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The Spokesman-Review Newspaper
Spokane, Washington  Est. May 19, 1883

Numerica Skate Ribbon at Riverfront Park offers a chance to enjoy being outside

Naomi Hartman wears a mask while enjoying the Numerica Skate Ribbon at Riverfront Park in downtown Spokane on Sunday. Opening day for the ice skating season was Saturday, and amid the coronavirus pandemic, patrons are required to reserve time on the ice in advance in order to observe social distancing, as well as wear a mask and gloves while skating.  (Libby Kamrowski/ THE SPOKESMAN-REVIEW)

In his blue jacket and tie-dyed mask, 5-year-old Eddie zipped around the Numerica Skate Ribbon on Sunday.

Sometimes he would fall, but all it took was a helping hand from his mother, Heidi Burford-Bell, and off skated little Eddie.

The family drove up from Lewiston, Idaho, for a fun family day of ice skating. With all the indoor ice skating rinks closed due to the COVID-19 pandemic, the skate ribbon was the closest place for their family tradition.

“We just love doing it,” Burford-Bell said . “It’s a Christmas time tradition for our family.”

Eddie has been on skates since he was just three years old.

“He got on his skates and he did awesome,” Burford-Bell said. “He did awesome and so I was like, ‘OK, you’re athletically inclined.’ ”

The Numerica Skate Ribbon opened Saturday with a new reservation-only system that helps reduce the number of skaters on the ice at any given time, making it easier to physically distance.

Tickets can be purchased online and are good for one hour of skating. Skaters are required to wear masks and gloves with one spectator per minor skater allowed, according to a news release from the Parks and Recreation Department.

“It was important for Parks & Recreation to again get creative and find a way to say ‘yes’, to be able to offer safe outdoor recreation for our community this winter,” Garrett Jones, director of City of Spokane Parks and Recreation, said in a news release.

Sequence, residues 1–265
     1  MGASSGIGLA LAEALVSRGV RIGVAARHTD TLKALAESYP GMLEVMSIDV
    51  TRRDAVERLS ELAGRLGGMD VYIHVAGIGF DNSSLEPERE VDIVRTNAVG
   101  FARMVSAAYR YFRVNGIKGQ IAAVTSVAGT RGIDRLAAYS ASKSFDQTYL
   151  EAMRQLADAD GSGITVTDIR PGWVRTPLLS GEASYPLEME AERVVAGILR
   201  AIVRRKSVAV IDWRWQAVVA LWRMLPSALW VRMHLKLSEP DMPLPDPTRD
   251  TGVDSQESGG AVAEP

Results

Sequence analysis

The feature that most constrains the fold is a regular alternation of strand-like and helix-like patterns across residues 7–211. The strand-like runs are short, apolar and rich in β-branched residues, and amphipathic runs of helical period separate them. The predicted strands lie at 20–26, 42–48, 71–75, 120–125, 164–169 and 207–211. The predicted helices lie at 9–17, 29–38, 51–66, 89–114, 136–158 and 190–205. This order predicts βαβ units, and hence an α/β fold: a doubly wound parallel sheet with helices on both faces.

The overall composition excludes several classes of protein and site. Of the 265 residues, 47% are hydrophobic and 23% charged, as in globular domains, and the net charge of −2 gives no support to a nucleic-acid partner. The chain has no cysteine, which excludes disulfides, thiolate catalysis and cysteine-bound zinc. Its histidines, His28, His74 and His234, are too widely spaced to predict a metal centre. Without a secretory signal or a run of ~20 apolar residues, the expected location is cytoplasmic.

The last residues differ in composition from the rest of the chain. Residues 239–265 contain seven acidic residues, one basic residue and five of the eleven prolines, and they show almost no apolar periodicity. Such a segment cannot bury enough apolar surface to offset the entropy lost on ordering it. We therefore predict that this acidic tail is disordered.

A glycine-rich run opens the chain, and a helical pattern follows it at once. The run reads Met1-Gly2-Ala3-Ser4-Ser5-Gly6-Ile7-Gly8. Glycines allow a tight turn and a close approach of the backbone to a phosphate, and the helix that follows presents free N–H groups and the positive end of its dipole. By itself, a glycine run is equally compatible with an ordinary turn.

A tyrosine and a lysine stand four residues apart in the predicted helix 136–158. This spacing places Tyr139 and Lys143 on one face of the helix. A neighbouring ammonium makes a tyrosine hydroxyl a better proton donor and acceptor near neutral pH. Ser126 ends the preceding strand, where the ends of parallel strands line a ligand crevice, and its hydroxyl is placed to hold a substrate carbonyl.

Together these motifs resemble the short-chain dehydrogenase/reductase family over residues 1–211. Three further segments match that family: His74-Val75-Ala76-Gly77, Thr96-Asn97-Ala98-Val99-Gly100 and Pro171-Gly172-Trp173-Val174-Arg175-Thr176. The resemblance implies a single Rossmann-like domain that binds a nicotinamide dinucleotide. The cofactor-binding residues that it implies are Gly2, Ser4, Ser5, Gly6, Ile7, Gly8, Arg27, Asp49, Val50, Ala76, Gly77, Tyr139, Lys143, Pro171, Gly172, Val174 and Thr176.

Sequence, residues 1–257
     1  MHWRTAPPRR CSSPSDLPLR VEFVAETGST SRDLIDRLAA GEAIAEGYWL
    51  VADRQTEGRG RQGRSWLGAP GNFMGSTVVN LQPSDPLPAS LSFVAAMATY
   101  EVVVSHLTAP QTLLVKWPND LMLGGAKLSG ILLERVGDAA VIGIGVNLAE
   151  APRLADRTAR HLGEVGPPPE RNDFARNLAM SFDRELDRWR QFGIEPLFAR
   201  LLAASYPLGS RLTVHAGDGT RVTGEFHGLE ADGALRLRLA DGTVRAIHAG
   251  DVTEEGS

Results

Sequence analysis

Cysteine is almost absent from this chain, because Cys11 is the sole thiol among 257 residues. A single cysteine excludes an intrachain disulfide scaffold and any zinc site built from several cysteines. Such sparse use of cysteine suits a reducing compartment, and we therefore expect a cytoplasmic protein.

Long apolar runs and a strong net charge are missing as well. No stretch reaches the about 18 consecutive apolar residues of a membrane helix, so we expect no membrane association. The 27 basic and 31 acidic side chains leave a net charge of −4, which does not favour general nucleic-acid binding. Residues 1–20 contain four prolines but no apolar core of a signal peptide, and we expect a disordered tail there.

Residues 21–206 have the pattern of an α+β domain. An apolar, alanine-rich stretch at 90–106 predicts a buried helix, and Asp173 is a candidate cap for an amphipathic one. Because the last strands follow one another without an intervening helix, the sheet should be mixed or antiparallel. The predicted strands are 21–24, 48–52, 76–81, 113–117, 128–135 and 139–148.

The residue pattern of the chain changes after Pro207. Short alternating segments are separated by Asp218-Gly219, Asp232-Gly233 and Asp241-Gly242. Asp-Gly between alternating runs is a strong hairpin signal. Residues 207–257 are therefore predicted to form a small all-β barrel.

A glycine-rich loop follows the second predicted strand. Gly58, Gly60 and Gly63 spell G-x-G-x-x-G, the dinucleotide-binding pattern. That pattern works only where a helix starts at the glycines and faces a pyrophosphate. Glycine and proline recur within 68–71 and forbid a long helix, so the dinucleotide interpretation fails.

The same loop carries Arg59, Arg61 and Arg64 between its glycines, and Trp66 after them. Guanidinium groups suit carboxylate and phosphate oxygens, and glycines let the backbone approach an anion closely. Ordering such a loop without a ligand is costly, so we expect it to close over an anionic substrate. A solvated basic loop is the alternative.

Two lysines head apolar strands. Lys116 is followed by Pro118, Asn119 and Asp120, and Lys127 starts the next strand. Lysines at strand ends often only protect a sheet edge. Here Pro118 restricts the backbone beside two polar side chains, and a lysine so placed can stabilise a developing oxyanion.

The COVID-19 guidelines for the skate ribbon were developed with the Spokane Regional Health District, Jones said. The Parks and Recreation department will continue to monitor and evaluate protocols throughout the season.

“In these challenging times, we are focused on delivering safe, joyful, and unique programming for our community,” wrote Jon Moog, director of Riverfront Park. “Ice skating around the ribbon downtown has quickly become an iconic Spokane experience, and with some significant changes in place, we’re thrilled to open this year.”

For Burford-Bell, the chance to be outside and partake in the unique skate ribbon experience was exciting.

“I just like being outside, and that it’s not just going for a loop,” she said. “You’re actually kind of going for a little river ride.”

The family enjoyed skating so much they bought season tickets.

“I feel like the kids really need to be able to get outside and play a little more this year, just because we’ve just been so confined,” Burford-Bell said. “Just this little bit of activity is so welcomed.”

Former competitive skater Sydney Kolodziej brought her boyfriend, Cody Peltier, to the skate ribbon for a surprise date night.

Kolodziej is a nursing student at Whitworth University who moved to Spokane earlier this year. She was a competitive pairs skater until 2018, representing Canada on the Grand Prix series.

After impressing her fellow skaters with a few jumps, the couple took a more traditional date night skate, holding hands and following the skate ribbon’s path.

Numerica Skate Ribbon tickets are $7.25 for adults 13 and older, and $5.25 for those 12 and under. Skate Rental is $4.95.

Tickets must be purchased online at